National dialogue absolutely look how well it work’s in the United States remember Wisconsin, what did happen to Wisconsin oh that’s right, privatized. Oh and for all you new employees here’s a book we give everyone, Home Medicine For Beginners or we have clinics with people who have already read the book. Alright people let’s go to work and listen to your leaders who at the moment are in Cali.

  4. Ismail Zayid said on March 10th, 2011 at 12:32pm #

    Ramzy Baroud gives an accurate account of the campaign waged by the imperialist powers, UK, USA and Israel to denigrate and deligitimize the Arabs’ proud history and humanity. Their comtiniuing campaign to control the land and rich resources of the Arab world has been longstanding and continues to this day.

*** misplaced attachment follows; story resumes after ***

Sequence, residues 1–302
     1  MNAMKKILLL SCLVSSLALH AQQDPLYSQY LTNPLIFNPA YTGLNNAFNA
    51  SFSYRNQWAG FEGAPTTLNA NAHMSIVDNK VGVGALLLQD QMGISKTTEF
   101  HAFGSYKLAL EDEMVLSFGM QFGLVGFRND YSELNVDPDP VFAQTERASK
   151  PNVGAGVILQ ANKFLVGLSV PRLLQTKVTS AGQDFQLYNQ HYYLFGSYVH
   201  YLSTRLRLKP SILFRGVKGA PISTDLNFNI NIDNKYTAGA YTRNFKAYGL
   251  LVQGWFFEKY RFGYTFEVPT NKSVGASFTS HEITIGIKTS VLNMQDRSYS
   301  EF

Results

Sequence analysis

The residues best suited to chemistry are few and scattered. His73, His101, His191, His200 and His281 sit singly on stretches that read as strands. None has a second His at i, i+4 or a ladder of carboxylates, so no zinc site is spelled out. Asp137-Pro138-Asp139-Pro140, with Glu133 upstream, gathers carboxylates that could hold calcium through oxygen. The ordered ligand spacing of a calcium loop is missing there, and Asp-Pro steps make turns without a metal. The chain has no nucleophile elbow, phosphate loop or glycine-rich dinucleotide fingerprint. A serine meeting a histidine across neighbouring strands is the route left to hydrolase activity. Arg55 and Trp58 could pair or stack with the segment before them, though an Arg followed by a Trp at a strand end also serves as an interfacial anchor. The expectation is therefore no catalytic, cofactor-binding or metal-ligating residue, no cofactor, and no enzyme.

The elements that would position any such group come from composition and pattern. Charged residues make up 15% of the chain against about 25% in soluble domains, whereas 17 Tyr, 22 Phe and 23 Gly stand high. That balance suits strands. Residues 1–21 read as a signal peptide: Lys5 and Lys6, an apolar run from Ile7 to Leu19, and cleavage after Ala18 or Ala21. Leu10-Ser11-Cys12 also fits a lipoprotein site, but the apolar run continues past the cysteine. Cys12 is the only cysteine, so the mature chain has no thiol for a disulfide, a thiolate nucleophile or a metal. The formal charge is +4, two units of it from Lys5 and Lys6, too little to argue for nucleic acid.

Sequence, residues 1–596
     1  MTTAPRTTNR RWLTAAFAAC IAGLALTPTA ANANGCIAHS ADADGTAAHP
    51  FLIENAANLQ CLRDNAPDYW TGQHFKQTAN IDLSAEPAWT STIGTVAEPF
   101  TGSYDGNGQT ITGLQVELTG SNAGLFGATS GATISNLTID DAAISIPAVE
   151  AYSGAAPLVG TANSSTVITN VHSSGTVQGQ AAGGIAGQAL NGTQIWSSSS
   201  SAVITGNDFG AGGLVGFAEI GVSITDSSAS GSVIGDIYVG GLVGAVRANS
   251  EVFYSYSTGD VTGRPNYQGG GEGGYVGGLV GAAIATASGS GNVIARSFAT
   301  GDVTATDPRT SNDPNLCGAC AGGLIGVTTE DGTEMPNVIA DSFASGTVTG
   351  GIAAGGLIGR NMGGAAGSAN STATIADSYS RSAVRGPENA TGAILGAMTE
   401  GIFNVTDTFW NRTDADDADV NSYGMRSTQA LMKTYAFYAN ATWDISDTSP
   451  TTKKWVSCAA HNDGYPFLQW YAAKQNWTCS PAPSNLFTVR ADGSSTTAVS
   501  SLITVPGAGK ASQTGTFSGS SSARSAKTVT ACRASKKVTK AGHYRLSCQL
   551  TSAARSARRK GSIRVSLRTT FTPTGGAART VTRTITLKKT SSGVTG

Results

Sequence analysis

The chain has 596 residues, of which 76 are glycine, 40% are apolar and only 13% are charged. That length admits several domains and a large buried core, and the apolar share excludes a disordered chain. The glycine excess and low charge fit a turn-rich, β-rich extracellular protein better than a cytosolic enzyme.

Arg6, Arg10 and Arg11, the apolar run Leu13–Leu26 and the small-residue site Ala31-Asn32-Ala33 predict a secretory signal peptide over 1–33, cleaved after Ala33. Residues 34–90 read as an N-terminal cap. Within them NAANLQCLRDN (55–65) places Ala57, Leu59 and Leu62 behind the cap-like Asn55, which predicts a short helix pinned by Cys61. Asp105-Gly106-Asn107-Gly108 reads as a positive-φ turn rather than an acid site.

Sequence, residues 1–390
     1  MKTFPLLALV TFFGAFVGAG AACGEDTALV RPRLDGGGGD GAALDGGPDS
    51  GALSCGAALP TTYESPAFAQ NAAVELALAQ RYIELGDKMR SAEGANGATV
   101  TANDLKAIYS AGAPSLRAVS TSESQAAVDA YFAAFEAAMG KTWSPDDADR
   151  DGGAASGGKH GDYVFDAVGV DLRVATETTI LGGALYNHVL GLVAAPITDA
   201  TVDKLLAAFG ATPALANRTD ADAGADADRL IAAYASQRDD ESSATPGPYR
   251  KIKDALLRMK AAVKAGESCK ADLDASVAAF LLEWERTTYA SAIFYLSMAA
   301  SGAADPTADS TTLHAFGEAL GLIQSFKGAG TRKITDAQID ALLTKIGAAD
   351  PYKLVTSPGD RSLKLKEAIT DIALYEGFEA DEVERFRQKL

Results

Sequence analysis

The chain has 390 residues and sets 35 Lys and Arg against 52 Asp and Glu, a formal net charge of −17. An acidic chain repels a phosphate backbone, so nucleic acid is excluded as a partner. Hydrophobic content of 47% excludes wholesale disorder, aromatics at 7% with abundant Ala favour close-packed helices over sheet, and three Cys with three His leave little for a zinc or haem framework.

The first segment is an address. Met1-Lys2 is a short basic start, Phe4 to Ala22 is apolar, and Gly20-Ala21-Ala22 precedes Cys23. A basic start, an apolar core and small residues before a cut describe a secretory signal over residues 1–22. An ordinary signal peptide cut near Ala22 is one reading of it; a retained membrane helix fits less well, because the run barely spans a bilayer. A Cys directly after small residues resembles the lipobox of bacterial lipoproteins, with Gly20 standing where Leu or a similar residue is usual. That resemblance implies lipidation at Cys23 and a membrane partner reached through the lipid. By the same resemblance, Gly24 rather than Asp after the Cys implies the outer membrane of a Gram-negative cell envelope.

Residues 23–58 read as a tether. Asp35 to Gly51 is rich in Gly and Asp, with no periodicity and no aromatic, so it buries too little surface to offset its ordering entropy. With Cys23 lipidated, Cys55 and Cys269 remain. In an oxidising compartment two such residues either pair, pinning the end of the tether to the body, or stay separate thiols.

As Ramzy Baroud relates, the process, to control the oil resources in Iraq and fragment the country, started in the early 1920’s. British colonial secretary at the time, Winston Churchil, authorised British troops to use chemical weapons and war crimes against the rebels in Iraq, who stood opposed to British colonialism: As Colonial Secreary, in 1921, and in reponse to a Kurdish uprising against the British occupation of Iraq, “Churchill consistently urged that the RAF should use mustard gas, despite the warning by one of his advisers that it may kill children and sickly persons.” [The Guardian Weekly, Feb. 3, 1991.] Furthermore, “Churchill rejected timid naysayers…. I do not understand the squeamishness about the use of gas”. He wrote: ” I am strongly in favour of using poisoned gas against uncivilised tribes….. Chemical weapons represent the application of Western science to modern warfare.” [“The press and the ‘Just War’ ” By Alexander Cockburn.The Nation. Feb. 18, 1991].